A giant Asian food festival is launching this week in Toronto

AsialiciousTO is offering $10, $20 and $30 menus from nearly 200 restaurants in the city over the course of a month

Toronto’s popular Summerlicious prix fixe dining event paused his year due to COVID-19. It was an understandable precaution that unfortunately means struggling restaurants didn’t receive that big annual boost when they needed it more than ever.

But for Asian restaurants, which have been some of the hardest-hit businesses during the pandemic, there’s a new food festival in town: AsialiciousTO.

Running from September 11 to October 11, AsialiciousTO is a similar format to its seasonal ‘licious cousins. Hundreds of restaurants will put out special menus for $10, $20 or $30. There are already 180 restaurants available for browsing on the festival’s website, and there will eventually be more than 200.

AsialiciousTO was originally scheduled for Asian Heritage Month in May, but delayed due to the pandemic. It was clear restaurants needed the event though, says Benny Cheung, president of FACT (Federation of Asian-Canadians Toronto).

“We wanted to make a program to celebrate Asian cuisine and help local restaurants,” she says on the phone. “Local restaurants, especially Asian restaurants, have been hit hard economically. Hopefully this can help them recover.”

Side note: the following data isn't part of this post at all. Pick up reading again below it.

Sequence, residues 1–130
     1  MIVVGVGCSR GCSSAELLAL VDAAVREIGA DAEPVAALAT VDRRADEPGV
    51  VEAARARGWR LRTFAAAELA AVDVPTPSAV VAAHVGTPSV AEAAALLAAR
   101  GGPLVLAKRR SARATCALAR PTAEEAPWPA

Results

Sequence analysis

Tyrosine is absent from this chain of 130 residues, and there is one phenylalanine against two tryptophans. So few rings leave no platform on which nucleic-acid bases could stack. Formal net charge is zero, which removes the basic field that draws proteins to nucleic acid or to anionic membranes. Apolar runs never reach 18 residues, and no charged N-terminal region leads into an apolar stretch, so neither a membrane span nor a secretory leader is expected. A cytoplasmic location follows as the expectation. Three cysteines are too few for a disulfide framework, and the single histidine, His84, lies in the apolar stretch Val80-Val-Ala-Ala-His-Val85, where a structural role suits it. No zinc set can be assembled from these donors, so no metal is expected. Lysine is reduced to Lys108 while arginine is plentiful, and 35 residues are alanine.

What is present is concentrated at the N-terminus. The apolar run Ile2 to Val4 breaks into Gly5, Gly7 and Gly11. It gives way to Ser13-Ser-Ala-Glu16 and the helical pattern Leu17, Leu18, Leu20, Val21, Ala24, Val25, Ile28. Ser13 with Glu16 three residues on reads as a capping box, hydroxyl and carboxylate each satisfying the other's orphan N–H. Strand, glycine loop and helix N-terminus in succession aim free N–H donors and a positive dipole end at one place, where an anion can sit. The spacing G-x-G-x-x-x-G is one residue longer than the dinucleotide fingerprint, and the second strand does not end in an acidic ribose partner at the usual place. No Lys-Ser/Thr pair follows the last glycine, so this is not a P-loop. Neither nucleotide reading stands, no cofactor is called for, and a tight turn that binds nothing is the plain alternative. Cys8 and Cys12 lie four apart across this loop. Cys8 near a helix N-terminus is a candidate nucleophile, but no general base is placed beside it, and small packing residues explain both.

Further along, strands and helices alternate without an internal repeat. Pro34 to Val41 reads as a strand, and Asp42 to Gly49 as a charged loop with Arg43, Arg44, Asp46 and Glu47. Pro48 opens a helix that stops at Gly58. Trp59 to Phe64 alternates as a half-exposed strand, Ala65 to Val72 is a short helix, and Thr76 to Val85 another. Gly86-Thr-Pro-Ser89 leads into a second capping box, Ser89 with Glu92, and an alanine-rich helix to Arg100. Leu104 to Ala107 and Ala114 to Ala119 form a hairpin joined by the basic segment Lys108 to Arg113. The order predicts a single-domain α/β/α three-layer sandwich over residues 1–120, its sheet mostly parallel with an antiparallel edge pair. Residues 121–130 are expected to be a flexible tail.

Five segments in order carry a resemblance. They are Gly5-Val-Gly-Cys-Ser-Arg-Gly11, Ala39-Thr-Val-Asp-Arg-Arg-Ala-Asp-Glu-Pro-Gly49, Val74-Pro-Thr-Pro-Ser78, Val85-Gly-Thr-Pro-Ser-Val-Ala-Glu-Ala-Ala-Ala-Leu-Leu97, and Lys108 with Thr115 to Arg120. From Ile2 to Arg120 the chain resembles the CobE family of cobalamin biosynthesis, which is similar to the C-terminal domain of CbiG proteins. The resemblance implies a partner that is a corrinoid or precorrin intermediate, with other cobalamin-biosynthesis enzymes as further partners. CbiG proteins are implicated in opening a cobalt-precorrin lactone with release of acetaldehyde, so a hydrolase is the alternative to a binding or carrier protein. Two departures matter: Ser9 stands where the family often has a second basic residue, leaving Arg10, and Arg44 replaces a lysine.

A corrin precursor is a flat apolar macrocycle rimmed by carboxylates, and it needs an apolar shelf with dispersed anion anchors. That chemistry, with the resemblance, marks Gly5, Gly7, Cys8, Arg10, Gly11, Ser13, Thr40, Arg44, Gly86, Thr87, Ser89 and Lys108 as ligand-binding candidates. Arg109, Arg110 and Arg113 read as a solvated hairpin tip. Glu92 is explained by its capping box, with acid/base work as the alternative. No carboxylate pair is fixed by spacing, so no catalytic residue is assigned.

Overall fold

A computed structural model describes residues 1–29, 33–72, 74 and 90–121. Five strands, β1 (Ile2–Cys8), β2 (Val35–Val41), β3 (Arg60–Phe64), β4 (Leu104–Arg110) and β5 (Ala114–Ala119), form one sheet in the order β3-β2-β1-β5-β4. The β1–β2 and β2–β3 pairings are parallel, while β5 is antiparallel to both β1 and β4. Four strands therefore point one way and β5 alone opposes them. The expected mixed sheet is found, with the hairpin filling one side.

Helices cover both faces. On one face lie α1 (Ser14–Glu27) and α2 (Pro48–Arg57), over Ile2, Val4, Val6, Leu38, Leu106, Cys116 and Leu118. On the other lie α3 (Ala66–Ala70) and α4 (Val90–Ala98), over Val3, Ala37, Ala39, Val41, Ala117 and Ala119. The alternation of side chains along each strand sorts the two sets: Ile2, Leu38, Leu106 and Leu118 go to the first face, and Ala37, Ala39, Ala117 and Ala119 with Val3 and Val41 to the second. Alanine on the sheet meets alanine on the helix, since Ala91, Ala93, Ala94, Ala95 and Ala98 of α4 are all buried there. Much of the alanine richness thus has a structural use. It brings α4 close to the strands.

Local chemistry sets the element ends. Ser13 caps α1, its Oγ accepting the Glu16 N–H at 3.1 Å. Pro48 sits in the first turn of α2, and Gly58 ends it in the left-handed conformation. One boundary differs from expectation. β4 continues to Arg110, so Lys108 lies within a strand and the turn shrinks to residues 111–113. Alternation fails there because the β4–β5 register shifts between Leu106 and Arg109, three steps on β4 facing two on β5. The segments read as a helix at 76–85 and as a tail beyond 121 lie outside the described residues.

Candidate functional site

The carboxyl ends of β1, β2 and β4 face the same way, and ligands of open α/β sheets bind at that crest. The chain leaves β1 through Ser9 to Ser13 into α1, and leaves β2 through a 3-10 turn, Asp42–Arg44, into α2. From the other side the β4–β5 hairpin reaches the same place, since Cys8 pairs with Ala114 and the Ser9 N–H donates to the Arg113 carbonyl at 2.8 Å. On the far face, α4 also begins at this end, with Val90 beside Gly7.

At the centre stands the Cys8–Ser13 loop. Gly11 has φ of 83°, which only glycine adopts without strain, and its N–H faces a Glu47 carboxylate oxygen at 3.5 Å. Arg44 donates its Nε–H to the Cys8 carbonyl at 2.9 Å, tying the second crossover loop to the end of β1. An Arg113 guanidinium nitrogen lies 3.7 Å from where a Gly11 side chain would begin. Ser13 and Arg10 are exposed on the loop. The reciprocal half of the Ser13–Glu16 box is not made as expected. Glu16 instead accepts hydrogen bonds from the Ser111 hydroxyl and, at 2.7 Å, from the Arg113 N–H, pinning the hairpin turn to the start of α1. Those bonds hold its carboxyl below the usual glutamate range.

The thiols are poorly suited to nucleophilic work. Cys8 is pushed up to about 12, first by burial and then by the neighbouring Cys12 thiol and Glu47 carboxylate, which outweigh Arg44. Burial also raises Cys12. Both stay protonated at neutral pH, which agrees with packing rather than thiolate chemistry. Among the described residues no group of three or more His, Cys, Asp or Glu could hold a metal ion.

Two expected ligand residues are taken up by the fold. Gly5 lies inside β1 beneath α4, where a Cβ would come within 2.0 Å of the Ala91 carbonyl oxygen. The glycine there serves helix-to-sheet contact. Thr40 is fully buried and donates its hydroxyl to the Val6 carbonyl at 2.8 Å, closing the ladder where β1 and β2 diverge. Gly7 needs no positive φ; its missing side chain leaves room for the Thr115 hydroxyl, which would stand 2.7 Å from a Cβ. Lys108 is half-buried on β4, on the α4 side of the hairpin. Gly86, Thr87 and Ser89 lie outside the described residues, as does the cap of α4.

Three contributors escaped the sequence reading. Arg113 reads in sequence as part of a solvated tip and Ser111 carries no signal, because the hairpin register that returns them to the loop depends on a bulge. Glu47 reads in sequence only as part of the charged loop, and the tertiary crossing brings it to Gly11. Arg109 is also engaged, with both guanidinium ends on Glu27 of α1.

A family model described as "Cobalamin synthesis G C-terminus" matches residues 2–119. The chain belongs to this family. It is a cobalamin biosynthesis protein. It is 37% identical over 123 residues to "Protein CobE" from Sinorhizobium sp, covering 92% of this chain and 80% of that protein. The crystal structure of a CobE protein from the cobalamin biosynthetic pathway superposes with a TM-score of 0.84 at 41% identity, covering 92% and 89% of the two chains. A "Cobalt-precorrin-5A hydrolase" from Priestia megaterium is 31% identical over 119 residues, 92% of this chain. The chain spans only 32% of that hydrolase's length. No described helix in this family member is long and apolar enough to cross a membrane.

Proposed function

AsialiciousTO is a joint effort between FACT, the Chinatown BIA and Canada China Chamber of Commerce with full support from Scarborough city councillor Cynthia Lai and the city of Toronto.

It’s an important initiative for the city’s Asian restaurants, which were suffering even before the shutdown from Sinophobia and other anti-Asian sentiment spurred by the pandemic.

According to the festival, 30 per cent of people in the GTA boast some sort of Asian background. These restaurants contribute hugely to the city’s culture – uplifting these communities uplifts the whole city.

“There is a proverb in Chinese that says, ‘Where many help to gather wood, the flames rise high,'” says Lai. “This event will show how much power we have when we all stand together as a community.”

Unlike Summerlicious and Winterlicious, the event will have takeout and delivery options in addition to dine-in. Chowbus, an Asian food delivery app that launched in Toronto in July, is the exclusive delivery app.

The festival dropped registration fees to let as many restaurants participate as possible, and an impressive list came together in just a month and a half. You can find various Chinese cuisines, bubble tea shops, ramen, dim sum, sushi restaurants, poke bowls, dessert places, Filipino food, Taiwanese fried chicken, izakayas and more.

The event is launching from September 11-13 with the Asialicious Carnival at Woodside Square in Scarborough. It’s a drive-in event with movie screenings, performances, food and a tribute to frontline workers. The whole event will also be livestreamed on Facebook.

You’ll probably want to order dinner while you watch.


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